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1.
Fig. 8.

Fig. 8. From: Suggestive Evidence for Darwinian Selection against Asparagine-Linked Glycans of Plasmodium falciparum and Toxoplasma gondii .

Model summarizing our hypothesis and results with Plasmodium and Toxoplasma. (A) We hypothesized that bulky N-glycans might interfere with threading of nucleus-encoded apicoplast proteins into the organelle. (B) We found that Plasmodium markedly reduces the length of its N-glycans without reducing the density of sites of N-linked glycosylation. (C) In contrast, Toxoplasma has longer N-glycans but dramatically reduces the density of sites of N-glycans (sequons), so that nearly half of the Toxoplasma nucleus-encoded apicoplast proteins have no sequons and so contain no N-glycans. (D) While secreted proteins are N glycosylated, sites of N-glycans (sequons) on nucleus-encoded apicoplast proteins of Plasmodium and Toxoplasma remain unoccupied.

G. Guy Bushkin, et al. Eukaryot Cell. 2010 February;9(2):228-241.
2.
Fig. 7.

Fig. 7. From: Suggestive Evidence for Darwinian Selection against Asparagine-Linked Glycans of Plasmodium falciparum and Toxoplasma gondii .

Deconvolving micrographs of Toxoplasma tachyzoites show that cyanovirin-N, which binds to Toxoplasma N-glycans, colocalizes with rhoptries (row A), the ER (row B), and the plasma membrane (row C) but does not colocalize with apicoplasts (row D) and the Golgi apparatus (row E). In each case cyanovirin-N is labeled red with Alexafluor 594, while antibodies labeled green with Alexafluor 488 are against ROP1 (rhoptries) and SAG1 (plasma membrane). Alternatively, fluorescent proteins are targeted to apicoplasts (ACP-YFP), the ER (P30-GFP-HDEL), and the Golgi apparatus (GRASP55-YFP). Control experiments with anti-GFP antibodies (see Fig. S5 in the supplemental material) show that both apicoplasts and the Golgi apparatus are accessible to exogenous probes.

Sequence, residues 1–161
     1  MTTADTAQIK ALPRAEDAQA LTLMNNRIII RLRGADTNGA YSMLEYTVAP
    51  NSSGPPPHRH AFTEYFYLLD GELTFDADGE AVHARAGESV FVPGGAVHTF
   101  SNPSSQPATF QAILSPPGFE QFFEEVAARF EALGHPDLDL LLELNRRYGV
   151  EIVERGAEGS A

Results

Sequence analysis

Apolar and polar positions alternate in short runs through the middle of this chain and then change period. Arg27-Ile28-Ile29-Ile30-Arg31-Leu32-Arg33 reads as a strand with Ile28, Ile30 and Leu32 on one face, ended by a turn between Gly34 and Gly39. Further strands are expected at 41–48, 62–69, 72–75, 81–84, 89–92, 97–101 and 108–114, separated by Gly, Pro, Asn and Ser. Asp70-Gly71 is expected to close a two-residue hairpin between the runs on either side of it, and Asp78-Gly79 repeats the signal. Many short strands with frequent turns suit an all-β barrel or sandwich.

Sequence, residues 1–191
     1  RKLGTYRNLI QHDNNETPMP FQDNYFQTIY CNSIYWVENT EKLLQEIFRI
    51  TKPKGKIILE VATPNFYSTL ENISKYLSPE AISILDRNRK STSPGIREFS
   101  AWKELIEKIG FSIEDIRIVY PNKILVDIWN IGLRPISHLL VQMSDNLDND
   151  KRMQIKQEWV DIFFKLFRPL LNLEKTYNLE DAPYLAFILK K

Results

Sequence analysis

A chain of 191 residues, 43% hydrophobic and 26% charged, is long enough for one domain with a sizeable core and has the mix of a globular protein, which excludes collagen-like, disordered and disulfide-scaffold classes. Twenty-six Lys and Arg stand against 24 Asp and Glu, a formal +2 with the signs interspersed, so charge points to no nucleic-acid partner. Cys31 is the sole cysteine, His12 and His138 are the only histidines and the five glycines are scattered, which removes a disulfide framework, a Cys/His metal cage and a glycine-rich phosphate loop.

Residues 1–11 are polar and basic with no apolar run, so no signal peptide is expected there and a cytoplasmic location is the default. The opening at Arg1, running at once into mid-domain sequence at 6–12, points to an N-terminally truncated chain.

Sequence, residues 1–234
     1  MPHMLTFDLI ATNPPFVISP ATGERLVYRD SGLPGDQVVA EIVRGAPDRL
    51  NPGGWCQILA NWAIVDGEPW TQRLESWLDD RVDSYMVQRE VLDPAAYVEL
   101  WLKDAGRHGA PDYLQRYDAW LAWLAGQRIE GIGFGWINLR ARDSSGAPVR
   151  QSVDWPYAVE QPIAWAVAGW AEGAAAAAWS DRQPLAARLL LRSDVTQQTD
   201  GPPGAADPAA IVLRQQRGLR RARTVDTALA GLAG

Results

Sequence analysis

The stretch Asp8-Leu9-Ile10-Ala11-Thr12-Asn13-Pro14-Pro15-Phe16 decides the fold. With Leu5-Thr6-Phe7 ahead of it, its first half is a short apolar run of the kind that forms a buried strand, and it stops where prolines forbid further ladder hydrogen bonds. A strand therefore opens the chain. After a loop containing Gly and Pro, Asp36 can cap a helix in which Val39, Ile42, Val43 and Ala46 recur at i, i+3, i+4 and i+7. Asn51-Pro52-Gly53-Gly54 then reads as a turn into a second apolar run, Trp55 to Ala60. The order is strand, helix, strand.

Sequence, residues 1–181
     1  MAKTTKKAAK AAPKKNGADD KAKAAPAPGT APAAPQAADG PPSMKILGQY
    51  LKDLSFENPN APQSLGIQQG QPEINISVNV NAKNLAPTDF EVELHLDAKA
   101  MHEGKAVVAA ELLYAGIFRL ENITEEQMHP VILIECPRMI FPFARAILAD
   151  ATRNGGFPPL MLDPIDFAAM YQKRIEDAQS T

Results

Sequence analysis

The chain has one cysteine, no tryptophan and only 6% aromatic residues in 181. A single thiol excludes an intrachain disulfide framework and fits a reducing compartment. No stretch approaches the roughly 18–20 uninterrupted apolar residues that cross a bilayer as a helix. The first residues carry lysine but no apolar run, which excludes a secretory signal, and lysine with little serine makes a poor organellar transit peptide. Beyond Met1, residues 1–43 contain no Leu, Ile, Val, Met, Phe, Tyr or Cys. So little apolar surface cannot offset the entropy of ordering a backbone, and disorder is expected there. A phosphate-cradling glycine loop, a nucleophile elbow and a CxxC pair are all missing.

G. Guy Bushkin, et al. Eukaryot Cell. 2010 February;9(2):228-241.
3.
Fig. 6.

Fig. 6. From: Suggestive Evidence for Darwinian Selection against Asparagine-Linked Glycans of Plasmodium falciparum and Toxoplasma gondii .

Deconvolving micrographs of Plasmodium-infected RBCs show that GSL-II, which binds to Plasmodium N-glycans, colocalizes with rhoptries (row A) and the ER (row B) but does not colocalize with apicoplasts (row C), the parasitophorous vacuole (row D), or the food vacuole (row E). In each case GSL-II is labeled red with Alexafluor 594, while antibodies labeled green with Alexafluor 488 are against RhopH3 (rhoptries), Pf39 (ER), and food vacuole (DPAP1) (14, 30, 51). Alternatively, GFP is targeted to apicoplasts (ACPleader-GFP) and the parasitophorous vacuole (ACPsignal-GFP) (55). Control experiments with anti-GFP antibodies (see Fig. S4 in the supplemental material) show that both apicoplasts and parasitophorous vacuoles are accessible to exogenous probes.

G. Guy Bushkin, et al. Eukaryot Cell. 2010 February;9(2):228-241.
4.
Fig. 4.

Fig. 4. From: Suggestive Evidence for Darwinian Selection against Asparagine-Linked Glycans of Plasmodium falciparum and Toxoplasma gondii .

Deconvolving micrographs of Plasmodium-infected RBCs show that the GlcNAc-binding lectin GSL-II (red) (59) is specific for plasmodia, while the fucose-binding lectin UEA-1 (green) is specific for the surface of RBCs. Row A, an early trophozoite of Plasmodium has a single nucleus stained with DAPI (blue in all micrographs) and a cup-shaped secretory system stained with GSL-II after permeabilization with nonionic detergent. Row B, schizonts (later stages) of Plasmodium have multiple nuclei and much more widespread staining with GSL-II. Row C, the labeling by GSL-II of late stage plasmodia is blocked by coincubation with GlcNAc2 (diacetyl-chitobiose). GSL-II does not bind to cytosolic proteins (see Fig. S2A in the supplemental material), but GSL-II binds to the surface of plasmodia which have been released from RBCs with saponin (see Fig. S2B).